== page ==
How do you think North Korean refugees envision freedom? Take a look at your schedule today, only two days from the 4th of July - a holiday when we celebrate our freedom as citizens of the United States.
What is it filled with? Work to complete? Errands to run? We are all so busy these days. If our jobs aren’t taking more than 40 hours a week, our social lives or families are. None of us are trapped or persecuted by authorities. But many may feel oppressed and stuck in the hectic cycle of our day-to-day lives.
On Saturday, the New York Times printed a fascinating column about this. Author Tom Kreider spells out the pitfalls of modern American busyness.
“Almost everyone I know is busy,” he said. “They feel anxious and guilty when they aren’t either working or doing something to promote their work. They schedule in time with friends the way students with 4.0 G.P.A.’s make sure to sign up for community service because it looks good on their college applications.”
And what it all adds up to, according to Kreider, is a pile of work to cover up the fact that our lives are often empty.
What does it mean, then, if even our scheduled leisure time, our rigorously organized holidays and days set aside for exciting activities add up to empty lives? If freedom is not found in barbecue or fireworks or all the leisure in the world, where do we stand as a people who are "free"?
The Word tells us quite simply in 2 Corinthians, "Now the Lord is the Spirit, and where the Spirit of the Lord is, there is freedom."
As followers of God, our calling is not to only to celebrate freedom in rights or in leisure. Our calling is to celebrate having freedom in salvation. Because of the work of Christ, we live in the Spirit's satisfaction. We are made whole and overflowing. We live free of fear, of condemnation, of death.
However, we acknowledge still that North Korean refugees, and many around the world, struggle in fear. They are not only politically imprisoned, made slaves of hunger, poverty, and fear. They are not free to hear the gospel. They are not free to access the freedom God extends to them through the Spirit. It is for these reason that Crossing Borders works to reach them, beyond the borders of oppression, starvation, and pain.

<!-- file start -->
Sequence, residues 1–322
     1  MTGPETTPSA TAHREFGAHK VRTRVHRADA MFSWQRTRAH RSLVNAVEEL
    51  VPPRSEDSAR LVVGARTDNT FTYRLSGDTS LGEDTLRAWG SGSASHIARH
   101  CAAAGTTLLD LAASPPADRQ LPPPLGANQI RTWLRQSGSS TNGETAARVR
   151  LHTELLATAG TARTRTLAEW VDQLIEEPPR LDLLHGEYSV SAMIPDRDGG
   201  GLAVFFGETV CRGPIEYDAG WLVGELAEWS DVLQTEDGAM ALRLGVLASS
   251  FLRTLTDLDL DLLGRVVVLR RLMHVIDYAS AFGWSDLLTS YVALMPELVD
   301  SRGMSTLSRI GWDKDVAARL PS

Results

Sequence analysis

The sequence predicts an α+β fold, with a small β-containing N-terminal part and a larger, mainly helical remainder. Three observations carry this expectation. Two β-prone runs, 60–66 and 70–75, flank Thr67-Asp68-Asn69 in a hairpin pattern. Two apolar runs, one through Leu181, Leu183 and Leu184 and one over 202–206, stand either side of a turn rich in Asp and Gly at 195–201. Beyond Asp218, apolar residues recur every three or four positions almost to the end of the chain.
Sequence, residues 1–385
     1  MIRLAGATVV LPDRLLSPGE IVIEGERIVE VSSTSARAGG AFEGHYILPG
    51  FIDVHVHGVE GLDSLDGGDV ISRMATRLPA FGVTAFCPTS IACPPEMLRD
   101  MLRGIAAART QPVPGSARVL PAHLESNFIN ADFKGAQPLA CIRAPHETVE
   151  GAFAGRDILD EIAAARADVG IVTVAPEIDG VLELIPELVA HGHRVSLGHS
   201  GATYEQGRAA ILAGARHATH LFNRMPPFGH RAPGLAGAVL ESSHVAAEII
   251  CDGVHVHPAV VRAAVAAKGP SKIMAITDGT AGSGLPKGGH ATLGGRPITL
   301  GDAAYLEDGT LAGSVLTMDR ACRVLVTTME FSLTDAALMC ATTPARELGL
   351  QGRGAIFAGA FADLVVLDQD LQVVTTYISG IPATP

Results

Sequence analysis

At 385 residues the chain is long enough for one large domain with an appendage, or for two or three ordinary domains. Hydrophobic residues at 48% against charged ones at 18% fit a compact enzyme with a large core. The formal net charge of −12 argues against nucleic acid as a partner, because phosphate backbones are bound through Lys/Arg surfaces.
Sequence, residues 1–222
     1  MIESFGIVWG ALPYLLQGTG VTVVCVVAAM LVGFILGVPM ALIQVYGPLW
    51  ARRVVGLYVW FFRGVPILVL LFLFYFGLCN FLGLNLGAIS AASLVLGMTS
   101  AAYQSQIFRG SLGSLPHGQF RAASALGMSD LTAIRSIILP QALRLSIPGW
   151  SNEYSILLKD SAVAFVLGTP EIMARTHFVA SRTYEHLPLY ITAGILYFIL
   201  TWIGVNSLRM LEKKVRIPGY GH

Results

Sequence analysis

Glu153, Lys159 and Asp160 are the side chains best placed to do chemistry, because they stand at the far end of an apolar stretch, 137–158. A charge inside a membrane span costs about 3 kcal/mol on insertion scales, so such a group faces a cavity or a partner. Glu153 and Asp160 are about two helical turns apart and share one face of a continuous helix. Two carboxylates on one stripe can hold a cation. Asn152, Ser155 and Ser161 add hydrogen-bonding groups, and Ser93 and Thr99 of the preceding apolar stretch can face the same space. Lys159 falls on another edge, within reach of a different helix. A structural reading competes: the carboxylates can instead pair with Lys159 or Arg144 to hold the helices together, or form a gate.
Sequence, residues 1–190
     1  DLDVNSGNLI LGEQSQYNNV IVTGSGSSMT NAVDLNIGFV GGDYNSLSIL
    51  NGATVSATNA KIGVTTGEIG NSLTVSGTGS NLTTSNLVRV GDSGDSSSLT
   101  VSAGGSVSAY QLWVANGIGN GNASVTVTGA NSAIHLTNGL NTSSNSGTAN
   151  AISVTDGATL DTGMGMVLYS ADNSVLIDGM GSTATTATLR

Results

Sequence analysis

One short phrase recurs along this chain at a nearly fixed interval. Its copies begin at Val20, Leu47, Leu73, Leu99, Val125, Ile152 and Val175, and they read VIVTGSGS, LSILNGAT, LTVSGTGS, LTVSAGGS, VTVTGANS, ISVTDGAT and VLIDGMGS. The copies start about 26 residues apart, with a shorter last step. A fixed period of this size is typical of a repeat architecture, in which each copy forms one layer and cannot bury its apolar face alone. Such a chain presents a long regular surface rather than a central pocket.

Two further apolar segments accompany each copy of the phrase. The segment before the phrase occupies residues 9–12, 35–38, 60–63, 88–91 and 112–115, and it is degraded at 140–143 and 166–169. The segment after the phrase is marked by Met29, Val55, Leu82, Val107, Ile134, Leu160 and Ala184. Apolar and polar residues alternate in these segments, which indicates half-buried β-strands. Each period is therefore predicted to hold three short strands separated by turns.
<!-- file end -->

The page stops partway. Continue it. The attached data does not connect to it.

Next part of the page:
So this 4th of July, please help us to thank God for the freedoms we enjoy, not only for our privileged lives and civil liberties, but for the Spirit. Most importantly, please help us to pray for and serve those who need this same freedom. Help us to provide for their material needs and most importantly, for their spiritual hunger.
Bernard Malamud, author of “The Natural” once wrote, “The purpose of freedom is to create it for others.”
The apostle Paul writes in Galatians 5, "For you were called to freedom, brothers. Only do not use your freedom as an opportunity for the flesh, but through love serve one another."
Today, as we pray, let us ask God that this freedom that we celebrate would not be wasted. Let's pray that the freedom of the Spirit would be delivered in the healing and empowerment to North Korean refugees in China and the oppressed around the world.